The people who build roads in Illinois are asking for a tax increase to pay for road building. The Transportation for Illinois Coalition, made up of business and labor groups, wants to set aside $1.8 billion a year for road and transit projects.
Some of that would come from designating the sales tax on gasoline specifically for this purpose. They’re also calling for an increase in the motor fuel tax of 4 cents a gallon – 7 cents for diesel fuel – and for a new tax.
“We would also propose for the first time ever an expansion of the sales tax base in the state of Illinois to include some auto-related services, such as car washes, auto repair and oil changes,” said Doug Whitley, head of the Illinois Chamber of Commerce and co-chairman of the Transportation for Illinois Coalition. The group also calls for ending the tax-free status of ethanol.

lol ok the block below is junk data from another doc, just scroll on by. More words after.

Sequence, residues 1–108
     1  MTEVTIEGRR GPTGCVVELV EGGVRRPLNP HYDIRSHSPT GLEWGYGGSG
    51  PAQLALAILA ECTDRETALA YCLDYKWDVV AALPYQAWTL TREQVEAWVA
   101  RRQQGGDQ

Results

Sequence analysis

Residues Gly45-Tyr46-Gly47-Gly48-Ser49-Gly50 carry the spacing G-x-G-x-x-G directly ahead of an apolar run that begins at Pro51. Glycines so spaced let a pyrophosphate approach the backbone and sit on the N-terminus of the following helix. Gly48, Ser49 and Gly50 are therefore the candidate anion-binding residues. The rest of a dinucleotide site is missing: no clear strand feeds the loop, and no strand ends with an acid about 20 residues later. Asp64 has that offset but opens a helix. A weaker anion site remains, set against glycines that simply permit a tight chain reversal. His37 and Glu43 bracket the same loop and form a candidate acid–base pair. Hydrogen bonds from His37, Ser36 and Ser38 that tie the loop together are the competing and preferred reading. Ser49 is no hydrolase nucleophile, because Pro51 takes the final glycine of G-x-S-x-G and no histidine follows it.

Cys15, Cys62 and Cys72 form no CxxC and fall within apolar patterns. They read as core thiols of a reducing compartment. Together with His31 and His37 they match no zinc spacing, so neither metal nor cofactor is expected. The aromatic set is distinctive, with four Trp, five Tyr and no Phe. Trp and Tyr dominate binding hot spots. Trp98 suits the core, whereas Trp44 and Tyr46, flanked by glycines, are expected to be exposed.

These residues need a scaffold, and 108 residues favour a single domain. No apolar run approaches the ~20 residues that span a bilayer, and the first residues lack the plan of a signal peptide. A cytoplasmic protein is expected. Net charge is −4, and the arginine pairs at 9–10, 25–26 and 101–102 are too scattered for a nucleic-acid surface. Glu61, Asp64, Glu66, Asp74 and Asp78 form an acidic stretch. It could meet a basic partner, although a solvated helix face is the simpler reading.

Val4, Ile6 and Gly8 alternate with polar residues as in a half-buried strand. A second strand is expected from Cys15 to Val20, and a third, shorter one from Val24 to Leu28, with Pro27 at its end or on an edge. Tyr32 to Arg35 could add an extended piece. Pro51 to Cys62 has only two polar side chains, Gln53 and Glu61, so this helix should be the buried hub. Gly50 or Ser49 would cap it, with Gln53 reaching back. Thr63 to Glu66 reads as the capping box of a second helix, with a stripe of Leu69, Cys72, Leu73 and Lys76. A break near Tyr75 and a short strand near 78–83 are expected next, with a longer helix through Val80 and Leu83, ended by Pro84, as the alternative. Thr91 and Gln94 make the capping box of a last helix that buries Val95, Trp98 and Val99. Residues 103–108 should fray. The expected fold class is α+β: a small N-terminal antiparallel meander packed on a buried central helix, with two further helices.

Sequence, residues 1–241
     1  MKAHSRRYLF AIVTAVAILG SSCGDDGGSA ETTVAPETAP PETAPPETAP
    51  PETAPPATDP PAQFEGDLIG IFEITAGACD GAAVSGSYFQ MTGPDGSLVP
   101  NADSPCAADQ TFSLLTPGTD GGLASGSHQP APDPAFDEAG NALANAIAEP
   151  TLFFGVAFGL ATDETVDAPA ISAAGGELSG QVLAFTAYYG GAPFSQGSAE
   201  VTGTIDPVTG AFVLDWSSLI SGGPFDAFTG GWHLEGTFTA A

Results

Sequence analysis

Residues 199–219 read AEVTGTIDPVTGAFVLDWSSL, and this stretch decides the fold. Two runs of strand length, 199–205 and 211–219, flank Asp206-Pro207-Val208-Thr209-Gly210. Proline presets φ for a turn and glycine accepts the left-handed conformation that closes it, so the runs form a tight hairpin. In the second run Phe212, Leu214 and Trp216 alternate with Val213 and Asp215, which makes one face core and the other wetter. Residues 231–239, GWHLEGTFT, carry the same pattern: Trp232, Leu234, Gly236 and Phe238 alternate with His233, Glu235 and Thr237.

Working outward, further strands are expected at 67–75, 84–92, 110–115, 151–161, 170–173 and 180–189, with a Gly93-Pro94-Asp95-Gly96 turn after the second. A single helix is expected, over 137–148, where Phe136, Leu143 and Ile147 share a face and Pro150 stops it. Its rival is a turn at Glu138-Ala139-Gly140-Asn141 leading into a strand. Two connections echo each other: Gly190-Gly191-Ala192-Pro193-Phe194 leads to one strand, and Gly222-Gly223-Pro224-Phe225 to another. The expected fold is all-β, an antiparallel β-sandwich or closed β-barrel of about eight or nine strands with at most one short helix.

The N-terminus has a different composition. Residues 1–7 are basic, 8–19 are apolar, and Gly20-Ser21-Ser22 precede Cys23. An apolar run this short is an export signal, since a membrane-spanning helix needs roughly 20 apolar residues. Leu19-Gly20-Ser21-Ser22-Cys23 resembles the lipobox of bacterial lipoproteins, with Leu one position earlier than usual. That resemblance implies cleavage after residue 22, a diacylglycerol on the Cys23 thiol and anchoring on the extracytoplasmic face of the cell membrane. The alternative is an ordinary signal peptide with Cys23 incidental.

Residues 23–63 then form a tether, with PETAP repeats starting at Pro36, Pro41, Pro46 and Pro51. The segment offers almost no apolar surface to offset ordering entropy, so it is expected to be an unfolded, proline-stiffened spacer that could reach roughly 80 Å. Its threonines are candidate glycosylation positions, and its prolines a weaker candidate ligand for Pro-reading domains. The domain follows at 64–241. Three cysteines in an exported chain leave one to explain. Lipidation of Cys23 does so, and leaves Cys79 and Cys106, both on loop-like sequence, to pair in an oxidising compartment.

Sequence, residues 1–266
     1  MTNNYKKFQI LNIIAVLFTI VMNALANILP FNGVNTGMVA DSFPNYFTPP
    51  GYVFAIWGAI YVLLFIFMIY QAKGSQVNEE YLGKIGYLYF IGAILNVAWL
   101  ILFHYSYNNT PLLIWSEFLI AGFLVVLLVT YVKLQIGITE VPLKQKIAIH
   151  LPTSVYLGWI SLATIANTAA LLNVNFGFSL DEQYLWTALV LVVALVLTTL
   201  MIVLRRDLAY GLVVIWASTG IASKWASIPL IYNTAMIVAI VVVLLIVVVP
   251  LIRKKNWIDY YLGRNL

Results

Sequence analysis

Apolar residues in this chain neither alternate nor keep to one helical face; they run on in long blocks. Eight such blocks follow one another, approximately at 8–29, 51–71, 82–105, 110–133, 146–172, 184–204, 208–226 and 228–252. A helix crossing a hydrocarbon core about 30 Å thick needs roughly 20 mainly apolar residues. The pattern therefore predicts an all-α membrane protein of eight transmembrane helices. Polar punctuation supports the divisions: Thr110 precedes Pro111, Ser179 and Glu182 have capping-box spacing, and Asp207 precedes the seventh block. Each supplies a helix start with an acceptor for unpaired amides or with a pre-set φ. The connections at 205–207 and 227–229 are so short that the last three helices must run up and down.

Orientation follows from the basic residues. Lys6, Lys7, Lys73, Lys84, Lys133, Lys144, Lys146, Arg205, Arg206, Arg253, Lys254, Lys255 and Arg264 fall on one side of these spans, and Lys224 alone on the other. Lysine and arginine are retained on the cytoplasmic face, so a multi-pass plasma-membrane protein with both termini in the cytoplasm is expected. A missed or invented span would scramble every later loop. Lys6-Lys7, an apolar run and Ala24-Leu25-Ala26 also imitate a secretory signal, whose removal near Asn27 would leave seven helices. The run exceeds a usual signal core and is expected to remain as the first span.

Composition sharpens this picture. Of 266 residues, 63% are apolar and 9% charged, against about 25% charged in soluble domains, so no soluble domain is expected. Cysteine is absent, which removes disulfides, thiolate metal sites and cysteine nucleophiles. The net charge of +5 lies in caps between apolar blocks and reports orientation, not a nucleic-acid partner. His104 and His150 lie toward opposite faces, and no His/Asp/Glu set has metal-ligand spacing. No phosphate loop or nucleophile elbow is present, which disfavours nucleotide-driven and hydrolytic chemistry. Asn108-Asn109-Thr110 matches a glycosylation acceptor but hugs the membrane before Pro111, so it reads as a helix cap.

With respect to the fuel taxes, Whitley noted they had not been raised since 1990, since which time vehicles have become more fuel efficient or are using alternative fuels, so the need for roads is just as great, but revenue from the tax is declining.
Under the proposal, 80 percent of the money would go to roads, 20 percent to transit. Of the 80 percent that goes to roads, 60 percent of that would go to state roads, primarily non-tollway interstate highways, and 40 percent would be for local roads.
Whitley said this is his group’s proposal, and lawmakers should keep it in mind as they discuss tax changes this year. The proposal comes as the stateâ€™s current construction program, known as Illinois Jobs Now, is set to expire June 30. That five-year program provided $30 billion for capital projects, including $12 billion for transportation. However, it relies on bonds to be paid off later; Whitley characterized his proposal as pay-as-you-go.
The federal transportation program, MAP 21, is due to expire Sept. 30.